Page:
SAO PAULO (Reuters) - Brazilian telecommunications firm Oi SA (OIBR4.SA) is in talks with Spain’s Telefonica SA (TEF.MC) and Italy’s Telecom Italia SpA (TLIT.MI) to sell its mobile network to avoid insolvency, five people with knowledge of the matter said.
Oi has been struggling to turn around its business since filing for bankruptcy protection in June 2016 to restructure approximately 65 billion reais of debt.
Brazil’s largest fixed-line carrier expects to raise more than 10 billion reais ($2.4 billion) by selling its mobile operations, according to two of the sources, who spoke on condition of anonymity because the talks are confidential.
Oi reported some 35 million mobile clients in its most recent earnings.
Proceeds from the sale would be used to boost fiber-to-home (FTTH) broadband service, considered key to the company’s growth, according to its strategic plan in July. Oi currently has 223,700 miles (360,000 km) of fiber in Brazil and its infrastructure is also used by other carriers.
The company is also in preliminary talks with AT&T Inc (T.N) and a Chinese company, aiming to lure more operators that do not operate in Brazil yet, two other sources said.
Representatives for Oi, AT&T and the Brazilian unit of Telefonica declined to comment on the matter. A Telecom Italia representative in Italy denied that “any negotiations are underway with Oi.”
New entrants would not face the same antitrust hurdles as companies already in Brazil. Brazilian antitrust watchdog Cade and telecom regulator Anatel may resist the sale of Oi’s mobile network to one or two carriers with operations in the country, two of the sources said.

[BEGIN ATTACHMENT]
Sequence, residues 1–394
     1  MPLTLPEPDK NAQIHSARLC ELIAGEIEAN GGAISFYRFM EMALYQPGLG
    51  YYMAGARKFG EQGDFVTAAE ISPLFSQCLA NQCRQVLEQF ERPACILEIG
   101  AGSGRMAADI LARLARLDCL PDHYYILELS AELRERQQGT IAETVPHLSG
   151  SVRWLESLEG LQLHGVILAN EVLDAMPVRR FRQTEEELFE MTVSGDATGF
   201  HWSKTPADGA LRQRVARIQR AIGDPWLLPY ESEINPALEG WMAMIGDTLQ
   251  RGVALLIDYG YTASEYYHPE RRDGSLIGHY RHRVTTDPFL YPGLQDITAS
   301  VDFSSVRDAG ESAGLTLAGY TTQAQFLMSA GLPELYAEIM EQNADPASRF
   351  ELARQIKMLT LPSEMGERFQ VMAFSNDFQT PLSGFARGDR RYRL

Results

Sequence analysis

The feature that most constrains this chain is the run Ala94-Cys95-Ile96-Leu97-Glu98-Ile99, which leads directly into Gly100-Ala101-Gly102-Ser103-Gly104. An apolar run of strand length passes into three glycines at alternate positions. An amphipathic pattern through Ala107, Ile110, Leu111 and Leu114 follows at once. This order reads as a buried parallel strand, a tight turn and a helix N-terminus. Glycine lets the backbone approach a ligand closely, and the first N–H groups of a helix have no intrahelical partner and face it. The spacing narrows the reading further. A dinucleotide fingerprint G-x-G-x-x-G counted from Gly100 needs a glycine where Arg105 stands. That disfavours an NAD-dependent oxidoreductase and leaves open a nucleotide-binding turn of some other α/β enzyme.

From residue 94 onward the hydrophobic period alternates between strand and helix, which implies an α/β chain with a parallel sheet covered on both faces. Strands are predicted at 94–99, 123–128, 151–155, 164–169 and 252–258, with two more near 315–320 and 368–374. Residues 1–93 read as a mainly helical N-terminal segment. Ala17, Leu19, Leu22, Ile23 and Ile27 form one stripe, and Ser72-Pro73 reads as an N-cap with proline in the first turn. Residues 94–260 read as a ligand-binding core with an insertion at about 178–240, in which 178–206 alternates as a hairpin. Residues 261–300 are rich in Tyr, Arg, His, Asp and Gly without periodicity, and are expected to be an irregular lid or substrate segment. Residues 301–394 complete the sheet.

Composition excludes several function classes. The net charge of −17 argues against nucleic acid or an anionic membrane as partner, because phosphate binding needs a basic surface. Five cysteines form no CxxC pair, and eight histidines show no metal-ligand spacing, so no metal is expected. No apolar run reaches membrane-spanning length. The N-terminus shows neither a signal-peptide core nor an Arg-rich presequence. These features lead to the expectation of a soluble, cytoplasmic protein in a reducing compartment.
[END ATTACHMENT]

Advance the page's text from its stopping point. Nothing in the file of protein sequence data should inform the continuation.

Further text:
Anatel said in an emailed statement that “a potential acquisition of Oi’s mobile network by other telecoms providers must be previously submitted to this agency” and that so far it has not received any formal submission of the sort.
Cade declined to comment on the matter.
Although current talks have focused on Oi’s mobile network, the sale of the entire company is not ruled out, one of the sources added, although such a deal looks less likely.
Since it filed for bankruptcy, Oi’s mobile customer base has shrunk over 20%, and the company is spending heavily to expand its fiber network. Its cash position fell to 4.3 billion reais ($1.1 billion) at the end of June, some 2 billion reais below what it foresaw in its restructuring plan, according to another source.
If Oi runs out of cash, it could leave millions of Brazilians without service or force regulator Anatel to intervene, creating a potential burden on a tight federal budget.
In a report on Wednesday, Fitch calculated that Oi is likely to face a shortage of 7 billion reais through 2021 due to intensive capital spending. “Oi depends on assets sales and short-term regulatory changes to finance its transition to a sustainable business model,” the rating agency noted.
Oi hired Bank of America to advise on the sale of non-core assets in January, and two of the sources said it is now helping to evaluate the sale of core operations which include the mobile network.
Bank of America did not immediately respond to a request for comment.
While in negotiations to sell its mobile operations, Oi is mulling short-term alternatives to raise money, according to the sources, such as the issuance of up to 3 billion reais in debt backed by proceeds of future asset sales.
The telecom carrier is also trying to speed up the sale of its stake in Angolan carrier Unitel to some of its current shareholders, which could raise around $1 billion and unlock unpaid dividends.
The company is also exploring a capital increase or financing round by existing shareholders, which would give Oi more room to manage its short-term liabilities.
According to a source with direct knowledge of Oi’s operations, Oi Chief Executive Officer Eurico Teles and some shareholders oppose the sale of its mobile network.
Reporting by Carolina Mandl and Gabriela Mello; Editing by Cynthia Osterman, Bernadette Baum and Sonya Hepinstall